This is an analysis of the poem I Wish You Had Never Come To Exist that begins with:

It's not my heart,
I find broken apart......

Elements of the verse: questions and answers

The information we provided is prepared by means of a special computer program. Use the criteria sheet to understand greatest poems or improve your poetry analysis essay.

  • Rhyme scheme: aabX ccaX DAEFg DHGIciXja dhih DHGIDAEFg adXbXa DAjAjDAjAjaXdhda
  • Stanza lengths (in strings): 4,4,5,9,4,9,6,16,
  • Closest metre: iambic trimeter
  • –°losest rhyme: rondeau rhyme
  • –°losest stanza type: tercets
  • Guessed form: unknown form
  • Metre: 0111 111001 1111101 01101 101111111 1101 111 010101 01 10101 01110100 0010101 01100101 01 1111001 101001 0101010 1001001011101 1 11 1110 1001 011111011 1111101 11111 1111100101 01 1111001 101001 0101010 01 10101 01110100 0010101 0011101 1 11 00100 11111101 0 10101 111 1101001 10 11101111001 10 111 1101001 10 11101111001 10 1111101001 1 111111110 1 111011101011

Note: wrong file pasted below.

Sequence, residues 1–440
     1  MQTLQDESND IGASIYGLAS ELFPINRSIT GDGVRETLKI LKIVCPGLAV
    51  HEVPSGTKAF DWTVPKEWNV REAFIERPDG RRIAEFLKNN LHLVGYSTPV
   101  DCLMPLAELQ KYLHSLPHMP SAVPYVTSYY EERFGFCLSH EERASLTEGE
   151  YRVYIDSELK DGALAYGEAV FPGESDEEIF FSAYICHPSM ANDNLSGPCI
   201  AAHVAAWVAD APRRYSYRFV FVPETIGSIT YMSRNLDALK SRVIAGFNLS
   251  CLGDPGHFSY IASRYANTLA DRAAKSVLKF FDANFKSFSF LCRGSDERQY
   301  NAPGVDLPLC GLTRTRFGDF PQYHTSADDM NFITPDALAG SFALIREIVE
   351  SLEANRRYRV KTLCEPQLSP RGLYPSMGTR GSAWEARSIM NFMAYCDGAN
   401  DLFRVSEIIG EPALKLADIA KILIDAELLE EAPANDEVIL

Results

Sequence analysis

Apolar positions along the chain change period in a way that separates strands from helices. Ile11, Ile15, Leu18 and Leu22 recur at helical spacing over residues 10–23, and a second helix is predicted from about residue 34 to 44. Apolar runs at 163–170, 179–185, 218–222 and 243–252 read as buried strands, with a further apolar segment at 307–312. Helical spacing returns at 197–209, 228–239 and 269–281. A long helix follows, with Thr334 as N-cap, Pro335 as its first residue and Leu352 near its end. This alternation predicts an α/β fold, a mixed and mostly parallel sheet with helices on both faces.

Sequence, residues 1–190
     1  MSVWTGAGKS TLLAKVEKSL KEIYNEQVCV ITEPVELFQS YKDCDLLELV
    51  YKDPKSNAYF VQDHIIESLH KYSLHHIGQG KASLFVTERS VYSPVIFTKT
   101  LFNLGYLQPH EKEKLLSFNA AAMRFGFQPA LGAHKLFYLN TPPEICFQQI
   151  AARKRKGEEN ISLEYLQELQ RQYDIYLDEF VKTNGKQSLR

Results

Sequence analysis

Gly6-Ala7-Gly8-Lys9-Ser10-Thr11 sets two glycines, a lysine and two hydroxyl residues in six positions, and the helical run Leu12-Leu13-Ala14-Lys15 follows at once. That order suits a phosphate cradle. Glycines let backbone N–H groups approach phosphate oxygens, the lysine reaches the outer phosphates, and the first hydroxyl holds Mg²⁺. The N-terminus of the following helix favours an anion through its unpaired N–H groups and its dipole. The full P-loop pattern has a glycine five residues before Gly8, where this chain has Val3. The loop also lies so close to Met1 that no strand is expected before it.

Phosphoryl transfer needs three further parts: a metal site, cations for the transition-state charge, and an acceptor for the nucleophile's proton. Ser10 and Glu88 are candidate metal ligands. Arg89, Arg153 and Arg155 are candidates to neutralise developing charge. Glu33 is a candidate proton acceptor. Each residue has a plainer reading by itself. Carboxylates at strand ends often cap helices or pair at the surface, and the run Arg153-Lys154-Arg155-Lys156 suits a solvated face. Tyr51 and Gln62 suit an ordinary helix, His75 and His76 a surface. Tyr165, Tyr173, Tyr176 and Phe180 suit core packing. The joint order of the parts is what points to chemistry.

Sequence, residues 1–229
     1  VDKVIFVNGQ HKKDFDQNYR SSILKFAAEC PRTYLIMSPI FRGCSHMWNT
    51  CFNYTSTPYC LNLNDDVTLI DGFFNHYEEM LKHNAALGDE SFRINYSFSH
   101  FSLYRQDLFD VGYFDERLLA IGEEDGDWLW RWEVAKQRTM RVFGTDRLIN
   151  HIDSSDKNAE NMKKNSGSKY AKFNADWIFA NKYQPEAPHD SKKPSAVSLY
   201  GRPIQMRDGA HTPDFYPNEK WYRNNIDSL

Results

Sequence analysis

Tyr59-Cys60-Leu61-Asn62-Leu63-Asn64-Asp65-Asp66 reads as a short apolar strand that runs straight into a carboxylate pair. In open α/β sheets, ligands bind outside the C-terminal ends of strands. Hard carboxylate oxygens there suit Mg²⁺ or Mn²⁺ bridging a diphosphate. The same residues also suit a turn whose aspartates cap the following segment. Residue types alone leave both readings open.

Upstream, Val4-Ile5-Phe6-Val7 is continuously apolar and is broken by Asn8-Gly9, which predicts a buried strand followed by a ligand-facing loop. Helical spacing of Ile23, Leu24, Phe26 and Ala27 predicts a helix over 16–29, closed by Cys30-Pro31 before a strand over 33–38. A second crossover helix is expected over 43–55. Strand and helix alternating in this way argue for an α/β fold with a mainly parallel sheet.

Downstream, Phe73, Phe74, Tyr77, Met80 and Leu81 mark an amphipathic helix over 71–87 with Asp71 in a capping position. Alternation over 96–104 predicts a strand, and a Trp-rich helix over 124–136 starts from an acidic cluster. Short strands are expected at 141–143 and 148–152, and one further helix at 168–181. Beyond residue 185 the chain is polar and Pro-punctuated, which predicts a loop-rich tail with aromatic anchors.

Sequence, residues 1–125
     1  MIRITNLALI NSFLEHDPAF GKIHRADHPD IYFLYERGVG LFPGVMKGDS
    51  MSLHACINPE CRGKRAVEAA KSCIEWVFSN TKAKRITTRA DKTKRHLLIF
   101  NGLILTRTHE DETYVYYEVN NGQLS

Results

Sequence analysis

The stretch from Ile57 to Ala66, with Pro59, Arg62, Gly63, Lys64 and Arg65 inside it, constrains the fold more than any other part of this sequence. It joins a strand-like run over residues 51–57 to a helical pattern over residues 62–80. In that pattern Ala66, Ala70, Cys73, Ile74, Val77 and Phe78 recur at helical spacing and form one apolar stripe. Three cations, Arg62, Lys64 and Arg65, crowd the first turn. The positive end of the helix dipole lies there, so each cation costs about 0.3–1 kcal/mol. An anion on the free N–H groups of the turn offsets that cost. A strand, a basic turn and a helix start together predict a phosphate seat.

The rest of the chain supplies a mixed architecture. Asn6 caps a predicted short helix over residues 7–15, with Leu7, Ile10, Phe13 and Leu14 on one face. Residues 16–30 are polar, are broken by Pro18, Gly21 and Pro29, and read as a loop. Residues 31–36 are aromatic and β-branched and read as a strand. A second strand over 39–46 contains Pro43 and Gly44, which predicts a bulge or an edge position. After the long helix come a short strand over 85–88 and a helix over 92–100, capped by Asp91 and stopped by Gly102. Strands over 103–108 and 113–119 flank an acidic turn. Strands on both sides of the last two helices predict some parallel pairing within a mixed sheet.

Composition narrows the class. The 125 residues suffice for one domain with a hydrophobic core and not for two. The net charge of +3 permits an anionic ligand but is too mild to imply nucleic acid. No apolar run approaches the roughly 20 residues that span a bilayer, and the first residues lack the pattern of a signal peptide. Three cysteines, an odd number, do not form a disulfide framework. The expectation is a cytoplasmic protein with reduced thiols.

• Amount of stanzas: 9
  • Average number of symbols per stanza: 140
  • Average number of words per stanza: 28
  • Amount of lines: 56
  • Average number of symbols per line: 22 (very short strings)
  • Average number of words per line: 4
  • Mood of the speaker:

    There are many three dots in the poem. Readers should think of the author's idea together with the pensive speaker.

  • The author used lexical repetitions to emphasize a significant image; to, you are repeated.

    The poet used anaphora at the beginnings of some neighboring lines. The same word i is repeated.

    The author used the same word it's at the beginnings of some neighboring stanzas. The figure of speech is a kind of anaphora.

    The poet repeated the same word exist at the end of some neighboring stanzas. The poetic device is a kind of epiphora.

If you write a school or university poetry essay, you should Include in your explanation of the poem:

  • summary of I Wish You Had Never Come To Exist;
  • central theme;
  • idea of the verse;
  • history of its creation;
  • critical appreciation.

Good luck in your poetry interpretation practice!

More information about poems by Lawrence S. Pertillar

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